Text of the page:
As a means to try to get myself writing in this space a bit more, I am going to start each week by sharing three posts that I came across during the previous week that struck a chord with me. While my intentions are mainly self-serving, I am also hoping that a few folks might catch a post that they missed.
Let’s see how many weeks I can keep this up. Ready…set…go
1. What We Ask of Our Students and What We Do – George Couros
In this thought-provoking posts, George Couros calls upon educators to reflect upon whether they are walking the walk or just talking the talk when it comes to setting the stage for innovation in their schools and classrooms:
“We can’t continue to ask for creativity, innovation, and collaborative cultures with deep, independent thinking, while not acknowledging that compliance driven environments prevent these from happening.”
Be sure to check out the post for the great scale that is included to help educators answer the question of whether their students are compliant, engaged, or empowered.
2. Leadership…The Biggest Issue in Education?‘ – Jimmy Casas
Iowa Principal Jimmy Casas calls upon educators to avoid the long list of hurdles available to them when it comes to education’s shortcomings and to look to the one source where they can guarantee improvement…themselves.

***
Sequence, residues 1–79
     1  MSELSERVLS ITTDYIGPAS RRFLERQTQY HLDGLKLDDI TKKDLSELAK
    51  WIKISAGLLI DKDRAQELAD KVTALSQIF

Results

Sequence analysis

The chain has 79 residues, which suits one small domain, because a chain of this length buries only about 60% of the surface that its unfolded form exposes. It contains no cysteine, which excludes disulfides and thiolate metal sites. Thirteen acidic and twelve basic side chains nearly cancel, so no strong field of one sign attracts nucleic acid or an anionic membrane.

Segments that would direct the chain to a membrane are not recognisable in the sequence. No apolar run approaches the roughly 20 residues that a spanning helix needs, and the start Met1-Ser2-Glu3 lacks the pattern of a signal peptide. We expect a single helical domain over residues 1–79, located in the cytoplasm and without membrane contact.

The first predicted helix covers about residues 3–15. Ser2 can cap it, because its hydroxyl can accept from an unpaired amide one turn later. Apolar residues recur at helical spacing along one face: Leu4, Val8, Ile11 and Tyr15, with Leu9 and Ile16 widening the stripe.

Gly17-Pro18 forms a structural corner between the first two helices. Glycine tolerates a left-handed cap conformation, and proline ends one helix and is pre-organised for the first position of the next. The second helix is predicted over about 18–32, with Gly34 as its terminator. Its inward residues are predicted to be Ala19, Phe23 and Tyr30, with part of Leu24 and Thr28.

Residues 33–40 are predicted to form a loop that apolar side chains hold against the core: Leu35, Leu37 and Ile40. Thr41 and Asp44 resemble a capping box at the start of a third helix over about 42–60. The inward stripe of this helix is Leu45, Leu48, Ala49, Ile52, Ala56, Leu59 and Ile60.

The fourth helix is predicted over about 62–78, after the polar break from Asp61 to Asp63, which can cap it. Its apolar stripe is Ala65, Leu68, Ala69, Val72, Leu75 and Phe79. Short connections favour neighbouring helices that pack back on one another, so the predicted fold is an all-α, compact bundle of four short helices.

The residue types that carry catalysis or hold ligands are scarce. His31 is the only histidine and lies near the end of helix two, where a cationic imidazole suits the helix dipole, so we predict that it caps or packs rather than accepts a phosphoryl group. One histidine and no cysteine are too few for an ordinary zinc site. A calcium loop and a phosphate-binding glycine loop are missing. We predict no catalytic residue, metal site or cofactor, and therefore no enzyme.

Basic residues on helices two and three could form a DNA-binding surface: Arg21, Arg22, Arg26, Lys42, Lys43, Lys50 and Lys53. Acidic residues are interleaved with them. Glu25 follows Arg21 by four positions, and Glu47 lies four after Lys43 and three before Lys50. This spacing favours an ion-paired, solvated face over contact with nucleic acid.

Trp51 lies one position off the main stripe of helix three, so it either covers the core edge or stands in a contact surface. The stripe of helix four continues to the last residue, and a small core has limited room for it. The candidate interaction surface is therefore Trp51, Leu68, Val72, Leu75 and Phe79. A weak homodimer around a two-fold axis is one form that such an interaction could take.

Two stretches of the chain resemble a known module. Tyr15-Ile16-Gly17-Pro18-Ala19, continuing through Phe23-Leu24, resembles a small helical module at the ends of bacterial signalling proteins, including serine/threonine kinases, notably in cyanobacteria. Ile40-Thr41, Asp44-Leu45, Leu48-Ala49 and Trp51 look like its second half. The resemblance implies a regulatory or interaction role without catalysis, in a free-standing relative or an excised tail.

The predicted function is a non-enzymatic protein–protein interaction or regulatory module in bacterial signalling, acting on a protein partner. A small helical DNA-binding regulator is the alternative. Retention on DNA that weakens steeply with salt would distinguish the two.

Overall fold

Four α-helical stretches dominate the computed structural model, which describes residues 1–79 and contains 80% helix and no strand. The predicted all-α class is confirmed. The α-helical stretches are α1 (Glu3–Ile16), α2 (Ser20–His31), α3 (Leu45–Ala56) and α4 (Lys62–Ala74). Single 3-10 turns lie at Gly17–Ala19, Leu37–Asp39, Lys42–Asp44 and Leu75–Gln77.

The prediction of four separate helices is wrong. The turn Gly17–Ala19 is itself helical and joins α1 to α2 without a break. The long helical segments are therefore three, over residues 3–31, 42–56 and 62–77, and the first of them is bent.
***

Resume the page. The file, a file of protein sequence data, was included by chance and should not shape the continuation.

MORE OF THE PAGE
“You see, everyone here has the capacity to lead and everyone here is responsible for the culture and climate of your organization. No one person is responsible for determining your success or failure as a teacher but you and no one is responsible for your morale but you.”
For some reason, I have Michael Jackson’s Man in the Mirror echoing in my head now.
3. Feedback is a GIFT – Matthew Arend
With Summative Evaluation season on the horizon, this post from Texas Principal Matthew Arend was quite timely. There were a few things in Matt’s post that I continue to reflect upon, but the most important one for me was the following obe about ensuring that we have someone who is providing feedback to us that will push us:
“…if you are giving feedback, you should have someone providing feedback to you also. Feedback is by no means a one way street. We all need someone to “push us to come up with better and brighter ideas.”